Showing posts from November, 2015

What Thanksgiving Foods Should Your Kids Avoid


Major Dental Work and Your Special-Needs Child

Itcanbedifficultforanychildtogetseriousdental workcompleted,butevenmoreproblematicforachildwithspecialneeds.Therearemultipleoptionsavailabletohelpsupportyourchildduringthisproceduredependingonthetypeofprocedureandthelengthofprocedure.Eachoftheriskshasprosandconsdependingonsomevariables.
Dr.Fullerrecommends,“Localanesthetic and/or nitrous oxide canbeutilizedforshorterprocedures,orifoneortwoteetharebeingpulled.” Nitrous is a gas that is breathed and is immediately eliminated from the child’s system once the device is removed from the nose. Local anestheticrequiresasmallneedletoinjectanumbingagentintothegums.Thiscanbe a bit scaryforachildwhodoesnotunderstandwhatishappening.Ifyouaregoingtochoosethismethod,itiscriticaltoprepareyourchildin advance. Letting them know that the dentist may be using sleepy juice.Alternatively,theymayneedtobedistractedfromtheneedlebyhavingastoryorsomethingreadtothem.

2 Habits To Prevent Dental Decay During The Holidays

The holidays are fast approaching which can often mean extra food in the house. You may have already begun planning your cookies, cakes and treats that you’ll be baking. Don’t let your child’s dental health be impacted by your desire for treats in your house. Implement these two policies and help ward off decay this holiday season.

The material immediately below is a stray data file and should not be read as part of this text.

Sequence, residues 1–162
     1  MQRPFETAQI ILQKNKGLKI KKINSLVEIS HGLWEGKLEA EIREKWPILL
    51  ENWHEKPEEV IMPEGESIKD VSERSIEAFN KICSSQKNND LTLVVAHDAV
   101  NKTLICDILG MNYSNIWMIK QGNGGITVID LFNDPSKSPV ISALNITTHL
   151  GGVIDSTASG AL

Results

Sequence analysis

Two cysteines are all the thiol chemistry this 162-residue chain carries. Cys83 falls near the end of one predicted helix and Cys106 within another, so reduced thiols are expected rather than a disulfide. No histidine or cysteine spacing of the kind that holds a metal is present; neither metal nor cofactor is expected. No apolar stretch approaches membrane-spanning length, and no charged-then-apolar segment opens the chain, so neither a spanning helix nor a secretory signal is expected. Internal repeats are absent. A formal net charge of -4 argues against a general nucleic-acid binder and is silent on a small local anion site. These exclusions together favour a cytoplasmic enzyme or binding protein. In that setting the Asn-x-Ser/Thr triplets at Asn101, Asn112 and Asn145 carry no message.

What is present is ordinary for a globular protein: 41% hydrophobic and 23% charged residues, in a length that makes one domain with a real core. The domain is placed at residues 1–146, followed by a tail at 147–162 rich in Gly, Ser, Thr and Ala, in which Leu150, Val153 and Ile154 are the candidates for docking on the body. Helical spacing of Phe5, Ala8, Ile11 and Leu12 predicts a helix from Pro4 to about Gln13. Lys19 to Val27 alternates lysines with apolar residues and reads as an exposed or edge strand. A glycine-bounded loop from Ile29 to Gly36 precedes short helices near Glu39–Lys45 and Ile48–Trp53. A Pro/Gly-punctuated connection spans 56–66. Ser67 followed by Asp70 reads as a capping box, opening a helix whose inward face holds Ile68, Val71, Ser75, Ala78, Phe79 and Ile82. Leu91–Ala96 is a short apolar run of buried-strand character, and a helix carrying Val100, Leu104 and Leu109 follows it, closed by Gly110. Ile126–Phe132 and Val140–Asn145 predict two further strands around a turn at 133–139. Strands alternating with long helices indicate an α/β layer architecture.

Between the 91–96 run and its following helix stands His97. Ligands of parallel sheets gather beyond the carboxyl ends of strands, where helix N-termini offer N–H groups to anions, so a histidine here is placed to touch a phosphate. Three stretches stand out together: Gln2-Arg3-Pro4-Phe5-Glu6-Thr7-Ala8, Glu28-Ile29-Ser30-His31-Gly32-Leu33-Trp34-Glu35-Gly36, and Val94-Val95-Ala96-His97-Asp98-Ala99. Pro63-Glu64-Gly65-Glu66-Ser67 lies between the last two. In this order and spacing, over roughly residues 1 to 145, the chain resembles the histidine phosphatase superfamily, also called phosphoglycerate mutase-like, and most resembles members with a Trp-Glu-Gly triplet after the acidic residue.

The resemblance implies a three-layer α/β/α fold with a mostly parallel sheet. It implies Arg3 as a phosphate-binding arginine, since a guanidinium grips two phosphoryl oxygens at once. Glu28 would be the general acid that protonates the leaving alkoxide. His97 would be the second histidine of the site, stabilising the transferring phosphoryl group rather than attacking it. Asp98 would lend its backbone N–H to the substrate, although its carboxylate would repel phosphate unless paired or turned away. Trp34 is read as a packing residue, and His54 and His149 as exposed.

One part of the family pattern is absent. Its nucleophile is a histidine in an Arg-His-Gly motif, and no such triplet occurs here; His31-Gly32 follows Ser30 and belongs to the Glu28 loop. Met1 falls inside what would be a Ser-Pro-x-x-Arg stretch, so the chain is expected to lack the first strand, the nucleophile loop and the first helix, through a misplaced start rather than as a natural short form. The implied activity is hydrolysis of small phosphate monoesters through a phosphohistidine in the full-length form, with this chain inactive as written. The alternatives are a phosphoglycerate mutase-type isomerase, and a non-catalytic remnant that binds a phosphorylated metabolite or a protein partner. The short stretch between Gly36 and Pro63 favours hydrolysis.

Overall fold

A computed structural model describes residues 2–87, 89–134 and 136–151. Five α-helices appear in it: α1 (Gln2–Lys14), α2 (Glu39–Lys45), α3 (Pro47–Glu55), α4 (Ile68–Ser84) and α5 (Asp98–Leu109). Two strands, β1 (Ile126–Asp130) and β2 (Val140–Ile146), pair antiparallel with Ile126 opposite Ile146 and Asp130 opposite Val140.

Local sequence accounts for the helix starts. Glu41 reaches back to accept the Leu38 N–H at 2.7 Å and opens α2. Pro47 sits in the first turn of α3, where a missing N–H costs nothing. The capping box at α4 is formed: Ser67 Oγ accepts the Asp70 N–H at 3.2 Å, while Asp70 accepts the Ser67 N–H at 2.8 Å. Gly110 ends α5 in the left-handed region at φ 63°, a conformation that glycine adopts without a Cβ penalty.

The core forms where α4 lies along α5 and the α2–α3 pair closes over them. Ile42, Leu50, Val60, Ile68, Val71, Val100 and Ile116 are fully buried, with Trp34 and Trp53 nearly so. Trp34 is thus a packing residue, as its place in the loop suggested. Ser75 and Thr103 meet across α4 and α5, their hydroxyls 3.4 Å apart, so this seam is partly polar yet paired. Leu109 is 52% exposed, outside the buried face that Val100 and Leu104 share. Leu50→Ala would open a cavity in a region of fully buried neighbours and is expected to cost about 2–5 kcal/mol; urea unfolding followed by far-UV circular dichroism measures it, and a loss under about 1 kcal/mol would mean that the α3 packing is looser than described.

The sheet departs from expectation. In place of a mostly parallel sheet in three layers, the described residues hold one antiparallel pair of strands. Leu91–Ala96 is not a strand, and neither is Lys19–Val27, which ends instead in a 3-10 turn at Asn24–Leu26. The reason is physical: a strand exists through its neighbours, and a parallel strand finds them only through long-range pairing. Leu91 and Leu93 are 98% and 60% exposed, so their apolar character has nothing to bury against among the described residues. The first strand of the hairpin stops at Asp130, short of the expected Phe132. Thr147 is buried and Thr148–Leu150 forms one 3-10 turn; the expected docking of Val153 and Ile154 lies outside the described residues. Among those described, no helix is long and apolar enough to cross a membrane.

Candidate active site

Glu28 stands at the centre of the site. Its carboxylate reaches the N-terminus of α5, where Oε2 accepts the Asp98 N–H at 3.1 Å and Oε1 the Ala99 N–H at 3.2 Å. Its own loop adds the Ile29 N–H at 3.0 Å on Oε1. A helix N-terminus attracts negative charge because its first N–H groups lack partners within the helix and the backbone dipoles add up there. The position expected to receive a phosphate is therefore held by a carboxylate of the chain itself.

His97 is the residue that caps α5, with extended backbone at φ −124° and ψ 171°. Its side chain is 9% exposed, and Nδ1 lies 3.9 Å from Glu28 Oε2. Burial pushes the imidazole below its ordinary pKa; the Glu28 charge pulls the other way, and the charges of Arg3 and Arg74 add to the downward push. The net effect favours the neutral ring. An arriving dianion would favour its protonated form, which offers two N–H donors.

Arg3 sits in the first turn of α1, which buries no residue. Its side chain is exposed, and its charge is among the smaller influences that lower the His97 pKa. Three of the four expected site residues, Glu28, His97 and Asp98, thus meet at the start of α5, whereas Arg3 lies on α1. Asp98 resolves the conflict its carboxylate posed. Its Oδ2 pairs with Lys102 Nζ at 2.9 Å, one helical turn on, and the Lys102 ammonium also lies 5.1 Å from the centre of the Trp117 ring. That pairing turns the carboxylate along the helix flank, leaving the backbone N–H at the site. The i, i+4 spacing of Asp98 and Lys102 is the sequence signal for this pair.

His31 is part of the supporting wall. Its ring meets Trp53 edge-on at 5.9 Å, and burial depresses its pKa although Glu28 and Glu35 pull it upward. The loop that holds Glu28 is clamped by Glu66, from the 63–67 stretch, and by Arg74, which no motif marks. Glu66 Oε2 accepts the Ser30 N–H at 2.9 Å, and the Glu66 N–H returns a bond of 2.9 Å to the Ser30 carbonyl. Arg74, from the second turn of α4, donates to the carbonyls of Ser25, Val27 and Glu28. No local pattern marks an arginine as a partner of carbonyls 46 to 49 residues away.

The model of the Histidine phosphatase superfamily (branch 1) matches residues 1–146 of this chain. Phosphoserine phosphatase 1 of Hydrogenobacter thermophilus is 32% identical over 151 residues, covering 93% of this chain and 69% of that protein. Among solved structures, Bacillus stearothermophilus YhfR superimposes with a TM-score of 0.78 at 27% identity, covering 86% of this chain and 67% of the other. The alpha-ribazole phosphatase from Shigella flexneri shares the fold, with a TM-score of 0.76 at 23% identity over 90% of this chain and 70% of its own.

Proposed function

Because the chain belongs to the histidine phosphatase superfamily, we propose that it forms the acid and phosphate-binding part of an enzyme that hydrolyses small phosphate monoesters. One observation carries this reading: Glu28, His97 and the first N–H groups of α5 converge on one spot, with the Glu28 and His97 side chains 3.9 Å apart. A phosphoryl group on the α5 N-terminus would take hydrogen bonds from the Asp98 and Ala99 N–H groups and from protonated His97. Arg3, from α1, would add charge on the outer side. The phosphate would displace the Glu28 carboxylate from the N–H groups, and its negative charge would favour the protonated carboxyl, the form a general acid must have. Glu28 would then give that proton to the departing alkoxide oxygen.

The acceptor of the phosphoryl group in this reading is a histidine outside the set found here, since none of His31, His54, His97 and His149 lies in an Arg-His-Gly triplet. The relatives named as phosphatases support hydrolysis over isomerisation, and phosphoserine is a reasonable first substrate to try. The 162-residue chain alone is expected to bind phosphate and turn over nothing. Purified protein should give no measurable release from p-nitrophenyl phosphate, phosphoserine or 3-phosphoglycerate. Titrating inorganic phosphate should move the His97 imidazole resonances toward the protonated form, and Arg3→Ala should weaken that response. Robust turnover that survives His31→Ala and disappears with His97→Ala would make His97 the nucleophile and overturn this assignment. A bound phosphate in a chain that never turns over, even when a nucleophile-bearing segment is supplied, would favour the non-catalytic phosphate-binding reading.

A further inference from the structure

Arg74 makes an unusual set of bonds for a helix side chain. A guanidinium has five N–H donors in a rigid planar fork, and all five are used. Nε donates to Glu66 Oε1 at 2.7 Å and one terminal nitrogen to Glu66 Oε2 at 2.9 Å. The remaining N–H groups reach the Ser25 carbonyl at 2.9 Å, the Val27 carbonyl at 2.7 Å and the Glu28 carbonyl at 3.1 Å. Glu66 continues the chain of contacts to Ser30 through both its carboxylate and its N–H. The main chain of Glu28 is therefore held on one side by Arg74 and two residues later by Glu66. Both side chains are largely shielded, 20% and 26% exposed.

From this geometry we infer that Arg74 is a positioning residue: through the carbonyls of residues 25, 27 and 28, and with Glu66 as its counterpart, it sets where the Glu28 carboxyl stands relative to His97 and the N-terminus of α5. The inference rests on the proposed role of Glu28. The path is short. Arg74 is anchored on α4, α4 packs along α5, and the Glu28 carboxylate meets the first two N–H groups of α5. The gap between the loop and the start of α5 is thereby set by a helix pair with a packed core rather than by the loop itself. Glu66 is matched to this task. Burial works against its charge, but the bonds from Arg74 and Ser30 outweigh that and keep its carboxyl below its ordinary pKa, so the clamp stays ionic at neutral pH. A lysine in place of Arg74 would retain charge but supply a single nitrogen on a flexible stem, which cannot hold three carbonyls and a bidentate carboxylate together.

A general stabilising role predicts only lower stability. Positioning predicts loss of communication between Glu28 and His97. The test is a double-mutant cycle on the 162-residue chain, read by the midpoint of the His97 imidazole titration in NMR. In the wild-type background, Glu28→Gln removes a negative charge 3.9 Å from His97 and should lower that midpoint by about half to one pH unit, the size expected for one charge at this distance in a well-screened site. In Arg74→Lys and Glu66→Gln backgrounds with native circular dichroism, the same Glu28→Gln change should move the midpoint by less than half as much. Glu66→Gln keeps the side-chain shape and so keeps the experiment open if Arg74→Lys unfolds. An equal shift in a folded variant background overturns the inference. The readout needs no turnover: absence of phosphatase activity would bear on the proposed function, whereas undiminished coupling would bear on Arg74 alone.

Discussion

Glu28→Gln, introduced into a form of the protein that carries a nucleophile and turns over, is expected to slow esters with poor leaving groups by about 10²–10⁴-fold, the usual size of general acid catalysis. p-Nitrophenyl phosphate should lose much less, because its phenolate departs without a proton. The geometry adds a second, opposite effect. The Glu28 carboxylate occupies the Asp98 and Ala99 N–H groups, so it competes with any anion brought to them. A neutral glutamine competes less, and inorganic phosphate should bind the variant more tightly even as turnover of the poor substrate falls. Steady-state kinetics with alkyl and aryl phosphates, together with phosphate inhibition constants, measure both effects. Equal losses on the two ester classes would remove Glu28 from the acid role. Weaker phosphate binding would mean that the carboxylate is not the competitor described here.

Have children consume minimal amount of sugary treats. During times when they are complaining of hunger, have them consume a healthy mix of fruits and vegetables. Give them opportunities throughout the day to munch on peanut butter celery, apple slices and other fruit or veggie based snacks. If they are going to eat a brownie or cookie limit the amount to 1. This will decrease the amount of sugar that is sitting on their teeth that can cause decay. The healthy fruits and vegetables in between will help rinse the sugar from their teeth as they have a higher concentration of water.
Once your child has consumed the treat, have them brush their teeth or rinse…

3 Ways To Help Get Your Special Needs Child To The Dentist

New environments with lots of action, lights and commotion can be very difficult for any child, especially when they are facing a dental procedure that they may interpret to be painful. While it is critical for children to visit the dentist on a regular basis, it can be trying on your patience and you may feel like giving up. But there is a better solution. Here are three tips from Pediatric Dentist, Dr. Cameron Fuller that can make the visit easier.